I had to stop what I was doing to pick up my jaw, lest I stepped on it.
I think I have learned how this man writes and so brace myself for an unexpected turn, trying to predict where the book will go but for the life of me, I can not pick most of the plot line twists.
You can imagine how stoked I am when I come close to guessing it but on the whole, this series is highly recommended for those who wish to be taken on a roller coaster for over 200 hours.
"The best series"
Brilliant, exciting, thrilling
All the characters are so detailed and richly described that its hard to pick one.
I don't know what ells he would be suited to narrate but for this genre he is perfect!
"Why are you all surprised?"
Good story. Unpredictable.
Yes. Same. I'm ambivalent.
Lots of people are complaining about Roy's narration. I think he does a good job, given the overwhelming number of characters and contexts. HOWEVER...the inconsistent narration has been happening since book 1. it would be nice if he consistently read the major characters. For a significant example: from book 1 to book 3 Jamie Lannister changes from aristocratic English ponce to Welsh. Tywin changes from gruff English aristocratic ponce to Winston Churchill! As an aside - what is it about the English that assumes all dwarves are Welsh, all uncultured yokels are from Yorkshire, and all cut-throat ne'er-do-wells are Scots or Irish? As for names. Brienne is Bree-enn, not Bry-een. Apparently this changes again in later books. Finally, while I am rapt by this series, it's clear that G.R.R. Martin used to write tv screenplays. There's definitely the taste of soap-drama behind it. How many times is Tyrion close to execution? How many major characters have to die, or disappear? I know it harkens at a more brutal era of humanity, but jeez! Is it just me, or does the story seem to leap over significant events, only to mention them almost in passing?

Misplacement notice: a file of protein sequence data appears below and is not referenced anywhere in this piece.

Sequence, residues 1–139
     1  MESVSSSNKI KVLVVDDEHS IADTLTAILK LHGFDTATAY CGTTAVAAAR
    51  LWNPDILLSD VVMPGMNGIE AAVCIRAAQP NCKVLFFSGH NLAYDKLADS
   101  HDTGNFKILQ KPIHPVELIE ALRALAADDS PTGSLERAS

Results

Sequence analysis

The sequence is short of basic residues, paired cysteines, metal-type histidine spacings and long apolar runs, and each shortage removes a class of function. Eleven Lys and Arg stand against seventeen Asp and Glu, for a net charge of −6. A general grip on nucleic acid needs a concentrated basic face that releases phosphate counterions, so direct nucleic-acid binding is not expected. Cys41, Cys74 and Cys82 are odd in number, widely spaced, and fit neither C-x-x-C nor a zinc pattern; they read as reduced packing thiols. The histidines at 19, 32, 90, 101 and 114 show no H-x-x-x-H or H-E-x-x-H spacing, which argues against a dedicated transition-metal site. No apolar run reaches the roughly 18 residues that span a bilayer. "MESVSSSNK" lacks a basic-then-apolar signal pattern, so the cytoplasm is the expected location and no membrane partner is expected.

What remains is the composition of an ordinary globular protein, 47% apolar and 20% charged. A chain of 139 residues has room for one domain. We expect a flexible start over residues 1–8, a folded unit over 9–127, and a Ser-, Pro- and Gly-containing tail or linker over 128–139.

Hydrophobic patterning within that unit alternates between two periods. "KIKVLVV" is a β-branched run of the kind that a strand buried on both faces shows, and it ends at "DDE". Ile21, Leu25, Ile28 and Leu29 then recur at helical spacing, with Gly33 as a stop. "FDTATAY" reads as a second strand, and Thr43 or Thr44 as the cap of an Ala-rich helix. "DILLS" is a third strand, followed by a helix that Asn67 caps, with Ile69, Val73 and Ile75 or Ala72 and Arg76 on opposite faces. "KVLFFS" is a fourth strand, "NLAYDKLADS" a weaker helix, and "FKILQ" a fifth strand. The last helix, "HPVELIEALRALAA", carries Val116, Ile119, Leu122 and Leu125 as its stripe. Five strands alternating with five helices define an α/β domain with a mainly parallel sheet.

"Just Keeps Getting Better"
There are times when the story seems to be almost obtusely taking it's time to get somewhere but the story is still fantastic and the narration is still it's equal.
"Well worth listening to."
Some things about the audio are annoying like you when you want to go back and listen again, you can only go back a sentence or a whole chapter or couple of chapters. If you lose your spot you can never find it again. The narrator took a bit of getting used to and some of the voices he uses are really annoying, but over all he does a fantastic job, and I really like listening to him now.
I like most of the character performances
I hated it when Rob was killed